News

May 2017 Positive Money New Zealand issued a press release seeking clarity from the Reserve Bank on how our money is created.  They still refer to intermediation by the banks, which is not how our banking system works.

5th November 2016 An article in The Guardian newspaper in England argued that abolishing debt-based currency holds the secret to getting our system off its addiction to growth.

5th September 2016 KPMG released a report, commissioned by the Prime Minister of Iceland, titled "Money Issuance" The report looked at money created by the Government.

28 March 2016 Bryan Gould has agreed to be the Patron for Positive Money New Zealand.

Bryan is a respected commentator on economic matters, an author, academic and Companion of the New Zealand Order of Merit.

31 October 2015 A monetary reform group in Switzerland has enough signatures for a referendum on who creates their money supply.

14 October 2015 The Finance Commission of the Dutch parliament discussed monetary reform.

31 March 2015. The Telegraph in London reports on the Icelandic governments plan to have their central bank issue their money supply and calls it a radical plan.

22 November. The British parliament debated money creation last week, for the first time in 170 years. There was cross-party support for a proposal to set up a monetary commission

23 September. A new generation of young people, dubbed ''property orphans'' may be destined to be renters for life.

17 September. The Bank of International Settlements (BIS), the bank used by central banks, confirmed New Zealand houses are among the most "unaffordable" in the world compared to people's incomes.

6 September. Bruce Bisset of Hawkes Bay today reveals the true story behind the so called Rock Star economy.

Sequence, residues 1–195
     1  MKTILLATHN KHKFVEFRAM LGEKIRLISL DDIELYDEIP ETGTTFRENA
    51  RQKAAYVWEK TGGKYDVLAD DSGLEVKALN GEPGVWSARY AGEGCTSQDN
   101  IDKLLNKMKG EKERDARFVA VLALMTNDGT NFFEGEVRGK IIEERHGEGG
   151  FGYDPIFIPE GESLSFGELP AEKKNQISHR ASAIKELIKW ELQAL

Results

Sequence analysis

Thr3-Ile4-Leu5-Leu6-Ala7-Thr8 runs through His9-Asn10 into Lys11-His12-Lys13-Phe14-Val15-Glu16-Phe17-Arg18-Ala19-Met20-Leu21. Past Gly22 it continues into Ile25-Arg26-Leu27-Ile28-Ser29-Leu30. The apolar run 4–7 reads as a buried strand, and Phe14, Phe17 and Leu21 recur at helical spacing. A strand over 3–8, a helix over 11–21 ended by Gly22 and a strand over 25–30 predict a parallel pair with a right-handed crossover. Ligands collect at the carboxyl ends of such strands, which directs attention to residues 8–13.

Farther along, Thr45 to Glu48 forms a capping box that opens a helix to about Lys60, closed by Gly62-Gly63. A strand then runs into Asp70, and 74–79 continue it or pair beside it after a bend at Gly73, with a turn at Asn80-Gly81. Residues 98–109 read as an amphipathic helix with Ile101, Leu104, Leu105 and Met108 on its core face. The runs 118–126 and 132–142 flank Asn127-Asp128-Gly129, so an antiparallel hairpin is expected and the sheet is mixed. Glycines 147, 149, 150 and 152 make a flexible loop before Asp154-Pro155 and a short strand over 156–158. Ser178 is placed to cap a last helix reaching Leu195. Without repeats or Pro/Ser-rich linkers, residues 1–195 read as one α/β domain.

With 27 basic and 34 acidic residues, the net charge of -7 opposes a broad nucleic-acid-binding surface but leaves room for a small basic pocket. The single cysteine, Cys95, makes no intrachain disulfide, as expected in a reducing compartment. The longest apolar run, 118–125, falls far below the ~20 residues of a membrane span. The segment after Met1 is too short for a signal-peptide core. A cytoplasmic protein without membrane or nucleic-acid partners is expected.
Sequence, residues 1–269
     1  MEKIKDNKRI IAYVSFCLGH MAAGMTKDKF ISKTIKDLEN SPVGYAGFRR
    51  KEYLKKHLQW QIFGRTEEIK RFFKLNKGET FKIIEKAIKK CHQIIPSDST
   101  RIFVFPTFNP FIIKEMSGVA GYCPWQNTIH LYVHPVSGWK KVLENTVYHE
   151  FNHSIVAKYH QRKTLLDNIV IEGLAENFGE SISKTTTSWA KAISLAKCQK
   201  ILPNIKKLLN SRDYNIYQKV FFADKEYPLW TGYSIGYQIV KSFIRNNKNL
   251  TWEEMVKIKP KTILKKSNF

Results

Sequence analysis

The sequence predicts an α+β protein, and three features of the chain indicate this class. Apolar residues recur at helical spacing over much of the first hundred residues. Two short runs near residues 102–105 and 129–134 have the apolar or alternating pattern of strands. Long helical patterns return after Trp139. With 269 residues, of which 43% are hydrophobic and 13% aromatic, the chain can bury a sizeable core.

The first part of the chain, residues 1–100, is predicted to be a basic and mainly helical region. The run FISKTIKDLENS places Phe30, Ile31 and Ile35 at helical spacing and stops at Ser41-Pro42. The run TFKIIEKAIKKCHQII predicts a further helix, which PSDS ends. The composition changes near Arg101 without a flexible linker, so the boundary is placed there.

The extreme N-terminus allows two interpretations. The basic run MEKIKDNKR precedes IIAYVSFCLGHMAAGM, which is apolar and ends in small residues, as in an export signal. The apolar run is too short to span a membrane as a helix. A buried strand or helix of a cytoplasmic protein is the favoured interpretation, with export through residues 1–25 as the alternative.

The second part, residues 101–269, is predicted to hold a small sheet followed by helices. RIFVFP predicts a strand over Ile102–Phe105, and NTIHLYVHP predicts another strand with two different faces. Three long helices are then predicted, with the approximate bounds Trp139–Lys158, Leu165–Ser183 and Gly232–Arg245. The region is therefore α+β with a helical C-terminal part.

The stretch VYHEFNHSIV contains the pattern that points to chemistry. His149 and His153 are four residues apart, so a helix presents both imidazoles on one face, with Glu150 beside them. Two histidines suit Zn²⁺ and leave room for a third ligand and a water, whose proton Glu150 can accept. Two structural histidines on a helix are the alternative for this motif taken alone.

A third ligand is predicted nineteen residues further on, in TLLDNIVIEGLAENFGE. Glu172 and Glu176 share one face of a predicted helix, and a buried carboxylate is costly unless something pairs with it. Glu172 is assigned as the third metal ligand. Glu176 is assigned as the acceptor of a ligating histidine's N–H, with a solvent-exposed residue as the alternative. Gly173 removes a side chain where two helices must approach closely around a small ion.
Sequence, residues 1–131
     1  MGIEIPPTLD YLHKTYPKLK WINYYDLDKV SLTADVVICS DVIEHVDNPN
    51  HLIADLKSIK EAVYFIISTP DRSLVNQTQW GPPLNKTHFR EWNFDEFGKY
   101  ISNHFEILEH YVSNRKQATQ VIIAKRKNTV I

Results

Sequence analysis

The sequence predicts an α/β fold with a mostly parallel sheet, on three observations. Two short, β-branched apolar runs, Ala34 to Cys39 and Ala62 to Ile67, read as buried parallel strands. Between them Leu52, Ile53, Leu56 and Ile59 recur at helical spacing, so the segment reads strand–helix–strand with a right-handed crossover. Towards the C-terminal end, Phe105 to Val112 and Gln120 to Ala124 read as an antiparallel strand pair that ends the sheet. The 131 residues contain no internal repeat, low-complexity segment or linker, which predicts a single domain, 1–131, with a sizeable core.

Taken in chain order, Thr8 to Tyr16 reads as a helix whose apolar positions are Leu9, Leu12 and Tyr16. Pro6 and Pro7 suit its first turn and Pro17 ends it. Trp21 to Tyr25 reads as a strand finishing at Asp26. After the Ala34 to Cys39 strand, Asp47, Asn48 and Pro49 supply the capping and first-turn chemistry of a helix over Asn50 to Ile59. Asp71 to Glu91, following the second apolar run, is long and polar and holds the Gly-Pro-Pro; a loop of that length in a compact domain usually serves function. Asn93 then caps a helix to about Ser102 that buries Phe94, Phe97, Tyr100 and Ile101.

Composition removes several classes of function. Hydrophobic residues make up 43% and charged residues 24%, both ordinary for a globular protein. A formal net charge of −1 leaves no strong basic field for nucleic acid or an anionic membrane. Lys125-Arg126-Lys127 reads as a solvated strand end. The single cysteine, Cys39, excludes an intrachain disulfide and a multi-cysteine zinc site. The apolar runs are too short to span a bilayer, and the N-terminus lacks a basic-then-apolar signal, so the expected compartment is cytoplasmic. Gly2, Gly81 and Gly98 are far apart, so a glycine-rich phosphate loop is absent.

25th April 2014 "Strip private banks of their power to create money”: says the Financial Times’ chief economics commentator Martin Wolf, who endorses Positive Money’s proposals for reform

15th March 2014 - In a historic move The Bank of England quarterly bulletin explains how money is created. Whenever a bank makes a loan, it creates a deposit in the borrower’s bank account, thereby creating new money. The bank says that this differs from the story found in some economics textbooks.

16th August 2013. The retiring head of the Financial Markets Authority apologised for the mistakes made saying “You were let down”.

 

Abraham Lincoln"The Government should create, issue, and circulate all the currency and credits needed to satisfy the spending power of the Government and the buying power of consumers. By the adoption of these principles, the taxpayers will be saved immense sums of interest. Money will cease to be master and become the servant of humanity"

Abraham Lincoln

Incredible inflation

Allowing commercial banks to create the nation’s money supply has led to incredible inflation. Since 1980 the CPI has risen by 425% but that does not reveal the real extent of inflation. 

According to VNZ (Valuation New Zealand) figures house prices have risen by 1,394% in the same period (between 1980 and 2012).

 

 

Housing is just one example the how the flow of unearned deposit interest income into the investment sector produces price bubbles- as equities have shown similar increases. 

This inflation is not a ‘fact of life’ - it is a result of allowing banks to create all money as debt.

Firstly, there is a ‘cost-push’ effect on inflation: since all money is created as debt, then in order to have a money supply in the economy, individuals and companies must share the debt. In order to get out of debt or even just to pay the interest on ever-expanding debt, workers will always need to demand higher salaries, and companies will always try to increase prices by a little each year.

Secondly, there is the ‘demand-pull’ effect: as banks create as much money as they can in order to maximise their profits, this creates a debt-fuelled spending boom where businesses take advantage of the buoyant economy to raise their prices to recover from the previous downturn. In the case of housing, lax lending policies by the banks meant that people could borrow more and therefore ended up paying more. Uncontrolled creation of money by profit-seeking banks is the main cause of inflation.

While our figures for house prices start in 1980 inflation has been along for a long time. According to Reserve bank figures, what cost the equivilent of 2 cents in 1920 now costs over a dollar!

 

 

 

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